Seems like my posting has become more sporadic of late. I went through a depressed spell for a while where I was struggling to get things done. Fortunately life seems to be on an upswing for the moment. Getting out into the woods really helped. This past weekend Allen and I went back up to Yosemite for some snowshoeing. Neither one of us had ever been on snowshoes before, and we ended up having a lot of fun. We got to the campground around 10:30, but setting up took a little longer than we expected. For one thing there was about 6 inches of snow on the ground. Hmmmm. Out came the snowshoes, and we got our first taste of snowshoeing tramping down a smooth place to set up the tent. Second hmmmm. There was still too much snow for the tent stakes to grab well. Since I didn't have any sort of snow anchor I ended up improvising with a pair of stakes. I pounded on in as usual and hooked a second stake to it that would lay horizontally, packed snow all around the stakes, and horizontal surface area was enough to the corners to hold. I admit I have a blast with this sort of mildly creative problem solving while out camping. Later, in our sleeping bags, Allen remarked that it's a lot of fun watching me come alive when we start setting up camp. It's true. All those times I'd tell Allen to fire up the stove while I set up the tent. He'd heat up supper while I was happily (baring the truly unrepentant rock) pounding in tent stakes.
The next morning we woke up, fixed lunch, outfitted our day packs, and headed up for Badger Pass. It had rained that night in the valley, and all the way up we saw great clumps of fresh snow ornamenting the pine trees. Once at the trail head we grabbed our snowshoes and headed out to Dewey Point -seven miles round trip. Looking at pictures of winter trails I used to wonder why no one ever went tramping off trail through all that lovely snow. Now, I know. Unless there's a healthy crust on the stuff, snowshoes or no, you'll still sink in to mid-calf, and breaking trail is hard work. The other thing I didn't realize was just how warm you can get snowshoeing. With memories of playing in the snow at Wolf Pass with my family filling the back of my mind I donned two base layers, a fleece pullover, rain/wind jacket, hat, and gloves. Within minutes I had skinned out of my jacket, and by the time we reached the Dewey Pt trail proper I was down to my base layer top and had stashed my hat and gloves in my pack. I ended up losing my hat somewhere on the trail :( It was new too. Hopefully someone will turn it in. Anyway, even having stashed most of my layers I still got warm whenever we had a pull uphill. As for pants, Allen had found some cheap rain pants that ended up working like a dream for keeping wind and wet snow from getting us cold.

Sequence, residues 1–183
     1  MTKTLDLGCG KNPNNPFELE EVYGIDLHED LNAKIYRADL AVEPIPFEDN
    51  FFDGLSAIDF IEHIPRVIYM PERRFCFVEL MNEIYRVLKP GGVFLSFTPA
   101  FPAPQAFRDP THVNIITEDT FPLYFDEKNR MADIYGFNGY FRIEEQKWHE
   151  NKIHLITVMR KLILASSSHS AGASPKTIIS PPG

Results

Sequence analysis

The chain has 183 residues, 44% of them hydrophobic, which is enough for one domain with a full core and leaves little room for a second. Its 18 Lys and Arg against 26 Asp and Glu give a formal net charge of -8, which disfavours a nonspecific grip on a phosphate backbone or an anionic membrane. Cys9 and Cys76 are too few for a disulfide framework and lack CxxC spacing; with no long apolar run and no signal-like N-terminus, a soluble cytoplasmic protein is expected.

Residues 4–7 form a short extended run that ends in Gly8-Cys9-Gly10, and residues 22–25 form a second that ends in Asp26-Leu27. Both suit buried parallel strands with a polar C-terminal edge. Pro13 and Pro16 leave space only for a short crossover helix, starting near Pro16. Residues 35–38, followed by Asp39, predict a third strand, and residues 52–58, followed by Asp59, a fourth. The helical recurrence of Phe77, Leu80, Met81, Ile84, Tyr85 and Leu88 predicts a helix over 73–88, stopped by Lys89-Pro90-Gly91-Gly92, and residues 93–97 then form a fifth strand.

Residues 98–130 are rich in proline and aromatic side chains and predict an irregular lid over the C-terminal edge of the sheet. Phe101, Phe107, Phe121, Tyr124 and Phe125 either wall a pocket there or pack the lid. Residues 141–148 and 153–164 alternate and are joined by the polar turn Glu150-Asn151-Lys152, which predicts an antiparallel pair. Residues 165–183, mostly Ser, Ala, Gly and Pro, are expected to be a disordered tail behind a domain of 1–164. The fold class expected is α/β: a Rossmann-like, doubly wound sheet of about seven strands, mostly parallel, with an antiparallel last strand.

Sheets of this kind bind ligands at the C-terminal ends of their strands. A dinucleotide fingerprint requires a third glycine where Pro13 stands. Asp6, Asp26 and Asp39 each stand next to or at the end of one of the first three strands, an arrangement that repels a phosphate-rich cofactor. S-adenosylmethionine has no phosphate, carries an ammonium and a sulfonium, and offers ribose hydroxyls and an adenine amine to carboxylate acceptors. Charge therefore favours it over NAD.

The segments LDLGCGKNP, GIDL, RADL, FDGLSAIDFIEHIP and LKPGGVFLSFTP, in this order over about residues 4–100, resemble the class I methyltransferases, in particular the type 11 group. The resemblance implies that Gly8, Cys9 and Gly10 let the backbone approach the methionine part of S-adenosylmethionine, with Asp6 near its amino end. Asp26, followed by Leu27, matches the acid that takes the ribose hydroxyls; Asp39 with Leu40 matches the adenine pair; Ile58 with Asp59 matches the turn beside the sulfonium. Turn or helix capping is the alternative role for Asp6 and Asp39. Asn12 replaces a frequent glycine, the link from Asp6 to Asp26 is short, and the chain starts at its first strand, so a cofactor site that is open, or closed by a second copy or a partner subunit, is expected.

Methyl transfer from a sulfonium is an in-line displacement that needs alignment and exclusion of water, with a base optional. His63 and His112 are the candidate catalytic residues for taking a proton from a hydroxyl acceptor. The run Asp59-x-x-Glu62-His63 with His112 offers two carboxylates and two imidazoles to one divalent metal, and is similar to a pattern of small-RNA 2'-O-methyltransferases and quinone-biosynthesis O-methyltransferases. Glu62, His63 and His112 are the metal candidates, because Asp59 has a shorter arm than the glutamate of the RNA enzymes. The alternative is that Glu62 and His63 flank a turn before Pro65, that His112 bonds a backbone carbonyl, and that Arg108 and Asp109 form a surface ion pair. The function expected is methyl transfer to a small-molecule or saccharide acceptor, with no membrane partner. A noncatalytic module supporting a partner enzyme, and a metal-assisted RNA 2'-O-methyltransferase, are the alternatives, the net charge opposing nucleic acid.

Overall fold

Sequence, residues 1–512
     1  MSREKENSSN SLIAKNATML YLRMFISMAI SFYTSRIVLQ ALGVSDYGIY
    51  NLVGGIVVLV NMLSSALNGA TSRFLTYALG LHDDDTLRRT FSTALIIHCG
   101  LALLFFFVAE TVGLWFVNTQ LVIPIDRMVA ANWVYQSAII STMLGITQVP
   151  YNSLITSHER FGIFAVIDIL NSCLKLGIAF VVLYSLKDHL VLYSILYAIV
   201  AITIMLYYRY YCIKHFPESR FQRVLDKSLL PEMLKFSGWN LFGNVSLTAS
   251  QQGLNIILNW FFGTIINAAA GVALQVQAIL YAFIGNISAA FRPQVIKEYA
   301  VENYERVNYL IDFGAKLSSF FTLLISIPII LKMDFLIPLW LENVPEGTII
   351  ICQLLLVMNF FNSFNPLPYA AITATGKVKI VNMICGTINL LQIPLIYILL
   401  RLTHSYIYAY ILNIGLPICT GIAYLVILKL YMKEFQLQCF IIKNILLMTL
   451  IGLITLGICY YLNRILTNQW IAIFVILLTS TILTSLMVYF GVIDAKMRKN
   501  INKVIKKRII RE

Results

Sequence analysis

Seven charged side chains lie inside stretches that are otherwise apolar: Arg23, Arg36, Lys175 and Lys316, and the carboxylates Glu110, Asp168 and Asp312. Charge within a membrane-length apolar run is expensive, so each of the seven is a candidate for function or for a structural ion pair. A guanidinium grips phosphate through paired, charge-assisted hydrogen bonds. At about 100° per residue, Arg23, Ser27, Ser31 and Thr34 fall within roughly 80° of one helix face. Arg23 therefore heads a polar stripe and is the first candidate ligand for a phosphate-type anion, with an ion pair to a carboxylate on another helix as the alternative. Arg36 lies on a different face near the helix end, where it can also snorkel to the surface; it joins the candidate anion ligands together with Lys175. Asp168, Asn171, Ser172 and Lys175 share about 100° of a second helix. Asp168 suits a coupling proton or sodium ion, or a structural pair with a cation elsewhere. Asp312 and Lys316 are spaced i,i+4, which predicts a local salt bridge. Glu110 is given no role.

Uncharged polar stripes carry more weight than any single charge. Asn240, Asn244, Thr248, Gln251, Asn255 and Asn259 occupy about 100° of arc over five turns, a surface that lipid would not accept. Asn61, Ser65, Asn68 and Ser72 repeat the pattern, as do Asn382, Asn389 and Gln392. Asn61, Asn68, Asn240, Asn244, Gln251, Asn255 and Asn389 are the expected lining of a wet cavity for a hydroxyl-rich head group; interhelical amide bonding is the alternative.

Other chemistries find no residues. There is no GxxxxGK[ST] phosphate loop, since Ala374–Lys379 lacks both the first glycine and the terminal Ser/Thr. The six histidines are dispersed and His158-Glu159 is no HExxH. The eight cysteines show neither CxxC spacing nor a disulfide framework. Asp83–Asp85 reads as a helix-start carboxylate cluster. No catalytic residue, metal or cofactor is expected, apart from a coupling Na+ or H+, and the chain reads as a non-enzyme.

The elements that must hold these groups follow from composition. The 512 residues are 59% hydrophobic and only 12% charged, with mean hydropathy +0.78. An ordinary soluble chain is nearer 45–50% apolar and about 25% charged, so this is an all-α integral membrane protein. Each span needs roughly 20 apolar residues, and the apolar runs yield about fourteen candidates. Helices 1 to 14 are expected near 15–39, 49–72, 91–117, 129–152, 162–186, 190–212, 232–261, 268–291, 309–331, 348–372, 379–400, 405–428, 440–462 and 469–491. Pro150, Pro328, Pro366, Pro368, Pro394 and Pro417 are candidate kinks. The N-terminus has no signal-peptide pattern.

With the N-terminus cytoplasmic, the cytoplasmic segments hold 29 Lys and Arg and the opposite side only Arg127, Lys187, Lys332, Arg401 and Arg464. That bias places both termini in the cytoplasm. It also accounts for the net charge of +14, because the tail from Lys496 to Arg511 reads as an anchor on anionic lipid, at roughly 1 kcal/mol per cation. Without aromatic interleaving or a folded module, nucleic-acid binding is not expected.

We ate our midday snack in a pretty meadow maybe a third of the way in on the Dewey Point trail before pressing on towards the point. Seeing everyone coming back towards up from the point we wondered if we were just a little bit crazy going on as we were, but when we got to the point....You come out on top of the south rim of Yosemite Valley just opposite El Capitan with a perfect view of Half Dome partially shrouded with feathery clouds that gravely danced in and out of the valley. Looking west you could see the outlines of tents perched on the shoulder on a hill with what must have been unbelievable views of the sunset reflected of Half Dome and the following moonrise over the cliffs. We sat on our blue foam pads contemplating the view and eating our sandwiches. I saw someone appear on the edge of the hill as if having emerged from one of the tents. Maybe next year I could think of a trip like that. For now I had to be content with watching the sky changing colors above the fringe of evergreens that grew up along the meadows we passed through on our way back down the trail. We hit the main trail back down the mountain just before sunset and spent a few minutes appreciating the modern convenience located close to the trail head. Getting back on the trail we realized just how close we'd come to hiking the last half mile in ever deepening twilight. Here on the main trail, which was really a summer roadbed groomed for skiing we'd have no difficulty navigating downhill to the car. Out in the woods we'd have been following tracks back, and that's never my favorite way to travel a new trail at night. We got back to the car an hour after sunset with only a little aid from Allen's new headlamp. Overall a very successful trip.
The next day we drove around the valley, walked the short trail to Yosemite Falls for a third time (saw deer tracks), wrote postcards, and took lots of pictures. Then we broke camp, showered at Curry, and headed back towards home after taking a short detour to the swinging bridge in Wawona. That's where my knee started acting up. I think I must have turned my foot wrong or something when went off trail. Somehow I strained the side of my knee. At least I was persuaded we should head home instead of hiking more. Including a stop for bbq we got home around 10pm, so we really didn't need to linger any longer however much the glow of lowering sun on snow tempted me.
I can't wait to go back there again. I'm hoping to get in another couple of trips before the snow melts. Then one more trip in the spring, and afterward I'll probably be turning my attention to less popular parks until fall arrives. There are so many lovely places to go, and I'm blessed to live this close to so many of them.